Blind rage. It’s a rather evocative phrase that gets at the heart of the passions of humanity. In polite terms, we might describe such a person as “passionate.” But, when we talk about God, we dare not describe him as “passionate.” Rather, theologians have used the term impassibility to describe God with respect to emotions.
Though the term impassibility is both a negation and an obscure Latin loan word (it sounds like the attribute of God that nobody is able to pass him on the highway), it describes something very important about God. It means that God is not able to suffer or to be manipulated by emotion. He does not change with respect to emotions, and he does not suffer loss.
Now, emotion isn’t a great word to use; it collapses a distinction between passions and affections that needs to be maintained. For the sake of clarity, affections are the positive word—and passions the negative—for emotions. Thus, when the Westminster Assembly wrote that God is “a most pure spirit, invisible, without body, parts, or passions” (WCF 2.1), they did not intend for us to think of God as emotionless, i.e. cold, calculating, and unfeeling. Rather, they intended to separate God’s affections from our passions, like blind rage. Thus, when Scripture speaks of God as a jealous God, this jealousy is a right affection and not an excessive passion. God’s jealousy is pure and full affection in the same way that God’s love is the purest and fullest expression of love.
This distinction is important for at least two reasons. First, it helps us to avoid thinking about God in the human terms of emotion. God does not capriciously pour out his wrath like humans would. God is not prone to a sudden change in his love for his chosen people. Scripture attributes affections to God in their fullest and purest sense.
Second, and related, impassibility gives us confidence that God’s promises won’t change even when his people are incorrigible. Divine impassibility assuages our fears that we will provoke God to forsaking us. God cannot be moved by emotion like that. Certainly it is true that “the LORD reproves him whom he loves, as a father the son in whom he delights” (Prov 3:12), but he will never leave or forsake us because we make him so mad.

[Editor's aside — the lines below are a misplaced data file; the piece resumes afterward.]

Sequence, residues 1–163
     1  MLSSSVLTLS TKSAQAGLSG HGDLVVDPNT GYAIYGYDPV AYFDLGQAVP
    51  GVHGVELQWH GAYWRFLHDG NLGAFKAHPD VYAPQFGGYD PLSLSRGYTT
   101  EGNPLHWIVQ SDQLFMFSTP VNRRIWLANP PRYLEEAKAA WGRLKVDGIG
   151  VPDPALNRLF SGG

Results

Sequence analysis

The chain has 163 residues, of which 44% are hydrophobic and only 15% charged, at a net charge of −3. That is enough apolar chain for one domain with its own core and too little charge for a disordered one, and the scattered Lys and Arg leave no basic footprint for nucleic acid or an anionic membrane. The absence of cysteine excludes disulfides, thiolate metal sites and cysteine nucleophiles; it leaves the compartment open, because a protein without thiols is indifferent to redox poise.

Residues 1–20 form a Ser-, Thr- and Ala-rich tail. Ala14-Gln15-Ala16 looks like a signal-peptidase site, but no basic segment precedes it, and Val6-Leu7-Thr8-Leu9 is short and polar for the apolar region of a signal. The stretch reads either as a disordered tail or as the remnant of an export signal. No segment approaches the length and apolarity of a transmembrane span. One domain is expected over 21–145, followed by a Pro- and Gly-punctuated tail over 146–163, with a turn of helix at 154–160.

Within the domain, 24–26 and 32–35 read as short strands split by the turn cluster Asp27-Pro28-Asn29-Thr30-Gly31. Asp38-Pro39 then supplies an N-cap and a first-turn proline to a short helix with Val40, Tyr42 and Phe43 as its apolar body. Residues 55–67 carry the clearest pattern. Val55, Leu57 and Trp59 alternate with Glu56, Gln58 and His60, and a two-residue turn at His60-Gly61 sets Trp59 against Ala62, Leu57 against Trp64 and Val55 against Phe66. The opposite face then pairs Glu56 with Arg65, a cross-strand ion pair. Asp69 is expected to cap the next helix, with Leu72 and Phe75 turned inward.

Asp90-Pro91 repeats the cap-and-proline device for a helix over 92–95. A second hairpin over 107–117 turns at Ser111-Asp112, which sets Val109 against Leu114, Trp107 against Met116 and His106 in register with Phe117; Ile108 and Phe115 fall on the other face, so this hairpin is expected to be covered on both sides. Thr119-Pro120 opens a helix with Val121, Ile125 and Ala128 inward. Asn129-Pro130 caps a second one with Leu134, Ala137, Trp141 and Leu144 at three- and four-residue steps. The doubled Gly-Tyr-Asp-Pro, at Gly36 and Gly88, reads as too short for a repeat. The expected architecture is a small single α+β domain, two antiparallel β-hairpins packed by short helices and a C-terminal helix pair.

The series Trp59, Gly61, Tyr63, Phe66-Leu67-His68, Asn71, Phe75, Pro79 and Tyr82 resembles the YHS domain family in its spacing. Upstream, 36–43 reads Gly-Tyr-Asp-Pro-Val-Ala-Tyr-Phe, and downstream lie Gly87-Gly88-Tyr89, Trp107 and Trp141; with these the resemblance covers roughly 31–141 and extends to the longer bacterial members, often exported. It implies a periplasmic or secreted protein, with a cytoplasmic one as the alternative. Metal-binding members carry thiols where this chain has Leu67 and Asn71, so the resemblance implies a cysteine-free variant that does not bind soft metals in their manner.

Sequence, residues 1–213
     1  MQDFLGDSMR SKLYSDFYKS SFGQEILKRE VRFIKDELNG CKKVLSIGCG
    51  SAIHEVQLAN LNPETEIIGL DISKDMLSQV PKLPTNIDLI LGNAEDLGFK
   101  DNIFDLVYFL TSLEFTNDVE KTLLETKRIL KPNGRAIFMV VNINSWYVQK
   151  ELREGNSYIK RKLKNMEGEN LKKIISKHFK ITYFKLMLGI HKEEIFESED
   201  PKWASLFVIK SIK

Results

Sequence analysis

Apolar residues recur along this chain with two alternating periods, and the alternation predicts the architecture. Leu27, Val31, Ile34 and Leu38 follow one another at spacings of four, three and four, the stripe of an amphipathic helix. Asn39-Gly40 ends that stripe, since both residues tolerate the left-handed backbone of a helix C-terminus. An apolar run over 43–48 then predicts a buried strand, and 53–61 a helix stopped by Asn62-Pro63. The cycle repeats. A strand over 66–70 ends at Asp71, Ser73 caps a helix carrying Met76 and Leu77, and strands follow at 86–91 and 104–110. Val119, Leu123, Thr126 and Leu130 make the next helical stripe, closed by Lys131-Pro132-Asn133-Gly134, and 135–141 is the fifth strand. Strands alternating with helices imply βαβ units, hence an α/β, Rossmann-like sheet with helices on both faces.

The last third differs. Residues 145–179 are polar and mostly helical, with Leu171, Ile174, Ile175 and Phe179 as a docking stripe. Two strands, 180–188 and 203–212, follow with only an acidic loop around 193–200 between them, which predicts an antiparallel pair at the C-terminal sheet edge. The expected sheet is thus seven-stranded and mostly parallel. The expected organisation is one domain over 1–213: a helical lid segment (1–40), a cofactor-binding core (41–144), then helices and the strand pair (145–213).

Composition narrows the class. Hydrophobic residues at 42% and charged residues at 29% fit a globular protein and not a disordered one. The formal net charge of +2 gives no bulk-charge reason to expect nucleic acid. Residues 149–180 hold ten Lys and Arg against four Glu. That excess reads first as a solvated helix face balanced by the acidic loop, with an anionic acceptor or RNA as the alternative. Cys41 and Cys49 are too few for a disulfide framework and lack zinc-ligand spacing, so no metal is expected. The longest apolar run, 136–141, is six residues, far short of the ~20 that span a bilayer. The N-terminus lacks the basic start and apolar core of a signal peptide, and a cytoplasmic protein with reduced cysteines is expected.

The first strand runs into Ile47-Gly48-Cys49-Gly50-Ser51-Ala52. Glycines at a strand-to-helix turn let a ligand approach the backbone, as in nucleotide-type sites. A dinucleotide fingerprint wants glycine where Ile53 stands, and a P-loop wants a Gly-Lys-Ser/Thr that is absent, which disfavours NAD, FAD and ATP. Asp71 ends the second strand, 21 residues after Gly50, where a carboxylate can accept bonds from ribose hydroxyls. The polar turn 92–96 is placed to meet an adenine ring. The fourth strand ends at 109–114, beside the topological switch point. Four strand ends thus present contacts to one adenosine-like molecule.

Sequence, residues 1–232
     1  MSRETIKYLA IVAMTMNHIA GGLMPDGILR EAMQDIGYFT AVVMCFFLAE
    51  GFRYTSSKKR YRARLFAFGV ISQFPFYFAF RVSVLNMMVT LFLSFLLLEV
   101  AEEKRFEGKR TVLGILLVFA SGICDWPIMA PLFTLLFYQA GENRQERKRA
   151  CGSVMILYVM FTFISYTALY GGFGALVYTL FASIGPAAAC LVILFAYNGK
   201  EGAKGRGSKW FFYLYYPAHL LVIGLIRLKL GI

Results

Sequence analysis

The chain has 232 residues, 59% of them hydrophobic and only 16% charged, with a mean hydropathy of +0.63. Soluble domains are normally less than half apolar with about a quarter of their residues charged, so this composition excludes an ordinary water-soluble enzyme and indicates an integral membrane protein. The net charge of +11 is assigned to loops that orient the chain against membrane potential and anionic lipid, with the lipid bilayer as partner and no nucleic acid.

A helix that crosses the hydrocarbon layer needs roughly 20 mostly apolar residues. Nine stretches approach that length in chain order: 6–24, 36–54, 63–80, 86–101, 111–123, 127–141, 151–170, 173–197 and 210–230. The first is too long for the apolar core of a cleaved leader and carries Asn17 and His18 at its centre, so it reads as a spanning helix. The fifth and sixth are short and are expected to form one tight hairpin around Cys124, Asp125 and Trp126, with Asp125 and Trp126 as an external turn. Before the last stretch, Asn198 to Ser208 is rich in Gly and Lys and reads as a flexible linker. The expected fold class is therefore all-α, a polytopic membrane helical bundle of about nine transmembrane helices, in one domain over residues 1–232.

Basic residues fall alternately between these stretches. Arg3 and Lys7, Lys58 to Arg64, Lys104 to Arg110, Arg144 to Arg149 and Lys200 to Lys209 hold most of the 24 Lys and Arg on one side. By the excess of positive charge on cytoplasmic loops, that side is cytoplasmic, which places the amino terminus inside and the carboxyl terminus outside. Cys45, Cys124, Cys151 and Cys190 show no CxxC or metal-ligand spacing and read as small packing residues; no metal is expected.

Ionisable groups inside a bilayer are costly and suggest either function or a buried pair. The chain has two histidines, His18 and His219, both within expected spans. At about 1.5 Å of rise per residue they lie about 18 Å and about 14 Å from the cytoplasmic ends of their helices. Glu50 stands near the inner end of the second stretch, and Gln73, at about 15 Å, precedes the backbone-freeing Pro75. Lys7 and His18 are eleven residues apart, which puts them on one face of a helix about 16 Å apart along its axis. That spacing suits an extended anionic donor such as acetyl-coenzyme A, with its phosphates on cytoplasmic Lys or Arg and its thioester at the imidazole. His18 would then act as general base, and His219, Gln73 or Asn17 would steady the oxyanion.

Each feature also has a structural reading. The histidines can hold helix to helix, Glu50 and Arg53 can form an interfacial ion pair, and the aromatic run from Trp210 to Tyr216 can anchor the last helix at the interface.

But you may be wondering about the suffering of Christ. Doesn’t Christ’s suffering, especially on the cross, make it difficult to uphold divine impassibility? After all, Hebrews says that because Jesus “himself has suffered when tempted, he is able to help those who are being tempted” (2:18). If Jesus suffered, and Jesus is God, then didn’t God suffer? Not quite.
Though the answer to this objection draws into a discussion of the two natures of Christ, it’s worth the detour to defend God’s impassibility. With that said, we need to acknowledge that Jesus did suffer on the cross and throughout his earthly ministry. However, Jesus as God, did not suffer. Thomas Weinandy helps to draw out an important distinction related to the two natures of Christ. “If the Son of God experienced suffering in his divine nature, then it would be God suffering as God in a man. But the incarnation, which demands that the Son of God actually exists as a man and not just dwells in a man, equally demands that the Son of God suffers as a man and not just suffers in a man.” This distinction helps us to avoid denying God’s impassibility while still acknowledging the very real suffering that Christ endured.
Why does this matter? Hebrews 2 actually helps us see the importance of this distinction. In vv16-17, the writer says, “For surely it is not angels that he helps, but he helps the offspring of Abraham. Therefore, he had to be made like his brothers in every respect, so that he might become a merciful and faithful high priest in the service of God, to make propitiation for the sins of the people.”
This highlights the issue at hand. If we attribute the propiatory suffering of Jesus to his divine nature, then you and I are still lost in our sins. Matthew Barrett says, “As counterintuitive as it may seem, if Christ suffers in his deity at the cross—or the Father suffers with him as he looks on—then we have actually excluded the Son from suffering for us.” He has not suffered for us if he has not suffered as us.
Thus, God’s impassibility is an important attribute. Because he cannot be moved by emotion, his promises are secure. Because he cannot suffer loss, Christ’s sacrifice for us can be valid and complete. In the end, this obscure word says much that is important about God.
 Quoted in Matthew Barrett, None Greater: The Undomesticated Attributes of God (Grand Rapids: Baker Books, 2019), 133.
 Barrett, None Greater, 134.